When you gotta go, you gotta go. Maybe you’re stuck in traffic, or waiting in line for hologram Harambe concert tickets, or stranded on post in some country that’s always too hot or too cold, like porridge that’s plotting to kill you. Or you’re just fucking lazy.
So, you whip it out, grab the nearest empty bottle, create as much of a seal as you can — a bottle’s opening and personal sizes vary — and release. Ahh, what a relief. Until you realize your hands are wet, your schlong is stuck, and in your frenzy to shake it loose, you’ve gotten piss everywhere.
Well, you’re not the only one, but now you can be one of the last.
The Car Pool, created by Eric Bert, is meant to solve all that. The device, which is being crowdfunded through Kickstarter, comes in at $25 and can be pre-ordered now with an expected arrival date later this month, according to Now This Future.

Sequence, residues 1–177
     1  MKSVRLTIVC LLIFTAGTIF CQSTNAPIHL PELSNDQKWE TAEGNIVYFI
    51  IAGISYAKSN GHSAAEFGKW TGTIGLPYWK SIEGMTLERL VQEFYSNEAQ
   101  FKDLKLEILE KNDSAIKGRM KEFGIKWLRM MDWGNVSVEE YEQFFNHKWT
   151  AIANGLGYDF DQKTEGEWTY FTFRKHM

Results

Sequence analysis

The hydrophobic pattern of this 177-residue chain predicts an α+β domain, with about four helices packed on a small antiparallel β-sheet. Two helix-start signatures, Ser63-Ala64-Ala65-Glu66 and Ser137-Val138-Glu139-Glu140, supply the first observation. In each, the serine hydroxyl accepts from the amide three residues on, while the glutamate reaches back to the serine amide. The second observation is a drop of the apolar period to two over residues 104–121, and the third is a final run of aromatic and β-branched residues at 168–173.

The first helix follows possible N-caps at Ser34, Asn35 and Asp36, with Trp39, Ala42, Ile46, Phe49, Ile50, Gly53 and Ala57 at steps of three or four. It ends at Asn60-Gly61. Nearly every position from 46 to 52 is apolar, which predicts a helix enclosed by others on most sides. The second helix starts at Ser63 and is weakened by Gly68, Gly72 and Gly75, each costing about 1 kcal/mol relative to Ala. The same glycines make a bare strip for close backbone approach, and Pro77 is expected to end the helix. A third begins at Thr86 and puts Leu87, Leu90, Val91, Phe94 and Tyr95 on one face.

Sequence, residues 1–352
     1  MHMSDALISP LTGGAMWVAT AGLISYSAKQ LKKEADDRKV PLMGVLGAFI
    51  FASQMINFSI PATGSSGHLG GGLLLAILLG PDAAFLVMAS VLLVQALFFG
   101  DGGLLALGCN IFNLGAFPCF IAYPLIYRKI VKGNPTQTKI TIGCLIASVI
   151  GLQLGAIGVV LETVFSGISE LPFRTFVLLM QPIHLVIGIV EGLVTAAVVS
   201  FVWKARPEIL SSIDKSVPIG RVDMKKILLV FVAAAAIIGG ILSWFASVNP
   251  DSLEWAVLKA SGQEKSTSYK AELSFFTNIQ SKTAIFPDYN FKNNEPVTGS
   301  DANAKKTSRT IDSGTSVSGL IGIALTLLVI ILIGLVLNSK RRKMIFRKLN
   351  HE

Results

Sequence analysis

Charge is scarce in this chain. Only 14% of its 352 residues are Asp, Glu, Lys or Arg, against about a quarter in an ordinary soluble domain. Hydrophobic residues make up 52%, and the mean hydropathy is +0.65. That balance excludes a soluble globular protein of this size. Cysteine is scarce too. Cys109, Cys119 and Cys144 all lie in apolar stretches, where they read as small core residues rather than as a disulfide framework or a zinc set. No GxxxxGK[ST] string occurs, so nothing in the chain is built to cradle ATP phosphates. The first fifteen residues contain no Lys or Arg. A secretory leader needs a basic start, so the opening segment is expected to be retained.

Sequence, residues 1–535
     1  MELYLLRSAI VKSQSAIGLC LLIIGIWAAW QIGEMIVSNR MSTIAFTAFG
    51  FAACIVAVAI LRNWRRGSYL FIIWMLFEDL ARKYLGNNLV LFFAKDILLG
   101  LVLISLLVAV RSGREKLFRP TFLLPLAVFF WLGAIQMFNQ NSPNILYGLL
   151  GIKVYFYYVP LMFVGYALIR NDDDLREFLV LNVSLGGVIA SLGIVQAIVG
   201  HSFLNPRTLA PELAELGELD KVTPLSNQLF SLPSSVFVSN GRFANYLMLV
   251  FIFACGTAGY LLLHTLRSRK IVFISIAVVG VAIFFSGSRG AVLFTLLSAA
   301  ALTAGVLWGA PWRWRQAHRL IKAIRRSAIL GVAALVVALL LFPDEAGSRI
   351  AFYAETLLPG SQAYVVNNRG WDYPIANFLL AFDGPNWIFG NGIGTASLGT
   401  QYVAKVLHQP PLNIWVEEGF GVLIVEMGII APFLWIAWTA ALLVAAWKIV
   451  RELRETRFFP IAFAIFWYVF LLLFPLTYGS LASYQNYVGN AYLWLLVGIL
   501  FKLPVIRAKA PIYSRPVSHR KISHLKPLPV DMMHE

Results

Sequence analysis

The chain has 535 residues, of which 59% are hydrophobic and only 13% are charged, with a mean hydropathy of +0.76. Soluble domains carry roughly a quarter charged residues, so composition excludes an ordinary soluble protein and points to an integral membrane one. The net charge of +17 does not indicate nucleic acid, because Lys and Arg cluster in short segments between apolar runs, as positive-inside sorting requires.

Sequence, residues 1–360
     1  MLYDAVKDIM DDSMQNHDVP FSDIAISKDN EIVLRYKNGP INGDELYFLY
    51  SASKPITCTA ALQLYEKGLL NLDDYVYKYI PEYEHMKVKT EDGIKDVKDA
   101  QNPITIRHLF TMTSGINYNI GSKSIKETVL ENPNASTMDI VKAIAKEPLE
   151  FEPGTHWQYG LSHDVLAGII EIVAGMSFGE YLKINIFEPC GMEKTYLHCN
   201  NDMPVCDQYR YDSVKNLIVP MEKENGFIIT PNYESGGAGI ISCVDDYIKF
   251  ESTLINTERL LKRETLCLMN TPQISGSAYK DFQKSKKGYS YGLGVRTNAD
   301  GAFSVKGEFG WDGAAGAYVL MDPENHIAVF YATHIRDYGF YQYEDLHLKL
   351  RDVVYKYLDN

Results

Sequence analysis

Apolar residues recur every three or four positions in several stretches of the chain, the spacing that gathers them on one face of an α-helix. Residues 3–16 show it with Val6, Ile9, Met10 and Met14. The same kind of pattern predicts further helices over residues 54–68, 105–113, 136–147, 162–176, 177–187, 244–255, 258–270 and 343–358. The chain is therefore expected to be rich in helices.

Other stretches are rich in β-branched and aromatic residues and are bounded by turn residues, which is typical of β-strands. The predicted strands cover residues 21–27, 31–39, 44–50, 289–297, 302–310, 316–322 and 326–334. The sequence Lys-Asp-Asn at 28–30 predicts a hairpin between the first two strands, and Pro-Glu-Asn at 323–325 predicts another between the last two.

Here’s how it works: Just extend the tube, insert the one-size fits all nozzle into your container of choice, tuck your unit into the other end, cut loose and relax as it funnels that stream into your resealable receptacle.
So if you have a penis, hands, an empty bottle, the occasional need to pee, and a complete inability to use plumbing the way your mama raised you, this may be worth checking out. Just remember which bottle is which once your business is done.
Benjamin Franklin nailed it when he said, "Fatigue is the best pillow." True story, Benny. There's nothing like pushing your body so far past exhaustion that you'd willingly, even longingly, take a nap on a concrete slab.
Airman 1st Class Isaiah Edwards has been sentenced to 35 years in prison after a military jury found him guilty of murder in connection with the death of a fellow airman in Guam, Air Force officials announced on Tuesday.
A Russian man got drunk as all hell and tried to hijack an airplane on Tuesday, according to Russian news agencies.
So, pretty much your typical day in Siberia. No seriously: As Reuters notes, "drunken incidents involving passengers on commercial flights in Russia are fairly common, though it is unusual for them to result in flights being diverted."